29 May 2008

sharing work between computers with a usb flash drive and git

I couldn't find anything exactly matching this on the net when I was figuring it out, so here's what I did.

This is working against a remote svn (subversion) server, but applies even without one.

On the first computer, grab your git working copy from svn with git-svn clone (or clone a git repo, or just start a new one).

mkdir ~/project.git
cd ~/project.git
git-svn clone svn://project-server/trunk
git repack #for good measure

Plugin your usb flash drive/stick/external harddrive, I'll presume it's a vfat/fat32/fat16 formated device mounted at /media/flash.
Create an empty repository on the drive, I'll use a bare one as there's no need to keep the working copy as well.

mkdir /media/flash/project.git
git --bare init /media/flash/project.git

Then add the flash drive git repo as a remote source in your local git repo. "flash" is the name I've given to the remote branch reference, you can call it whatever you like.

git remote add flash /media/flash/project.git

If you push immediately it will fail (as I discovered) because fat doesn't support the execute flag on files, so all the hooks are automatically active. I deleted all the hooks as I wasn't planning on using them, this may be wrong so no promises, but it seems ok so far for me. So remove the hooks with:

rm /media/flash/project.git/hooks/*

Then push your current local copy to the flash drive with:

git push flash

This will copy all your committed work onto the flash drive, even if you haven't pushed it upstream to the svn server with "git-svn dcommit" yet. Bonus! It won't copy any of your branches across though, so you if you want them you can add those independently with:

git push flash mybranch

Now move over to the second computer and plug the flash drive in. I'm making the same assumptions on paths and devices. Do another completely independent svn checkout as above:

mkdir ~/project.git
cd ~/project.git
git-svn clone svn://project-server/trunk
git repack #for good measure

Then add the flash drive's repo to the git repo on the second pc and pull all changes from the flash drive, optionally including any branches:

git remote add flash /media/flash/project.git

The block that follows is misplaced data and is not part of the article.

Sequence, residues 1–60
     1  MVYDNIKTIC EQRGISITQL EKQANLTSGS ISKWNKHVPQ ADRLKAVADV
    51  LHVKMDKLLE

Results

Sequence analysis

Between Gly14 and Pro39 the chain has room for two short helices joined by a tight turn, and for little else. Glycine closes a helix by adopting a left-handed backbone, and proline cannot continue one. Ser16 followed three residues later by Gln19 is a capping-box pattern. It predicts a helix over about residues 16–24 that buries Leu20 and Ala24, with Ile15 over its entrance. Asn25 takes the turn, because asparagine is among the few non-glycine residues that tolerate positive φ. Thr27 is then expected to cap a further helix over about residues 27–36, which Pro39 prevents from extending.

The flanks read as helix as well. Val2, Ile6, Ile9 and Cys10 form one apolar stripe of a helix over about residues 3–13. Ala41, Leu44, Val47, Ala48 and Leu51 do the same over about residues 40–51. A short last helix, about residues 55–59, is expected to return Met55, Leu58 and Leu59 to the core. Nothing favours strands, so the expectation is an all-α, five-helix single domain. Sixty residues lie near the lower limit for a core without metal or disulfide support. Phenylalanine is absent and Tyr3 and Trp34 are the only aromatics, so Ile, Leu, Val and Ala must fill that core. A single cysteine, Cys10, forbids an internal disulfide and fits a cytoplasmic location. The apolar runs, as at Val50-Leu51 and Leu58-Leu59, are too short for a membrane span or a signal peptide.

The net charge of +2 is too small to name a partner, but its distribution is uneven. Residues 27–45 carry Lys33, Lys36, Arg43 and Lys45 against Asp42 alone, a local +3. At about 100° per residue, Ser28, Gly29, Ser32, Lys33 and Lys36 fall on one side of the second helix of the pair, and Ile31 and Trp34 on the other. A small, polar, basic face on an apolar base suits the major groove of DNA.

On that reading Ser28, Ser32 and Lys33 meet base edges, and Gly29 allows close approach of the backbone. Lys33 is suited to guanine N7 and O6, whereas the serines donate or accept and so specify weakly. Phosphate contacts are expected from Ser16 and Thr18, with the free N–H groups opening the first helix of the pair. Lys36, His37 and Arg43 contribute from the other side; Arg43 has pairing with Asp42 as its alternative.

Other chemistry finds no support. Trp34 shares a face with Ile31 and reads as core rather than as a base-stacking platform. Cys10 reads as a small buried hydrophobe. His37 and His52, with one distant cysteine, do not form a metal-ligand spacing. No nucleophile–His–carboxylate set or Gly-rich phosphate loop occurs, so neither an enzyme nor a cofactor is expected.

git pull flash master
git pull flash mybranch #if you like

When you've committed changes to git or pulled the latest changes from svn on either pc, you can then update the flash drive with the simple command:

git push flash

Which pushes all your changes on your master branch on to the flash drive. You are now ready to run the pull command on the other computer to get back in sync:

git pull flash master

If you don't push changes to the flash drive before committing to svn then things will be very simple. If you push changes to the flash drive, and then commit them to the svn server you will need to do a little more work. This is because when you run "git svn dcommit" it pushes your latest git commits to the svn server, deletes your locally committed changes, and then fetches them back from the svn server. This means that git won't recognise your local changes as being the same as the ones on the flash drive because they have different commit message and SHA1 hash. Attempting to push to the flash drive fails with the message "! [rejected] master -> master (non-fast forward)" as the old copy of the commits are still there.

To resolve this you need to throw away the matching set of changes on the flash drive. To do this you can use git reset as follows, where HEAD~1 should be the number of commits you need to throw away (eg HEAD~3 to throw away the last 3 commits that were pushed to the flash drive):

cd /media/flash/project.git
git --bare log #to see how many changes don't have svn information
git --bare reset HEAD~1

You can then push your changes as above.

cd ~/project.git
git push flash

I've glossed over subtleties with fetch vs pull, but hopefully you will find this useful.

This howto makes use of git's ability to pull from multiple sources, and I've found that git quite happily copes with changes that were checked in to svn coming via the flash drive, even when later running "git-svn rebase".

Please do comment or contact me with any problems, errors, extra info and feedback, and let me know if it was useful.


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Joseph Morse said...

Thanks, was searching for a answer for this this morning since i figured why keep pushing and pulling form github when I now knew you could do it locally from a networked computer or flash drive.

I skipped the step you talked about with rm the hooks dir though as I figured as with github you have to specify the master branch the first time you push and and it worked.

So now I can just keep a up to date copy locally and only have to push to github when i have changes I want to push there.

@Shun Chang completely defeats the purpose of working with version control

Tim Abell said...

You're welcome. I believe the example hooks have been renamed by the git developers so they no longer cause problems on filesystems that don't have a +x flag.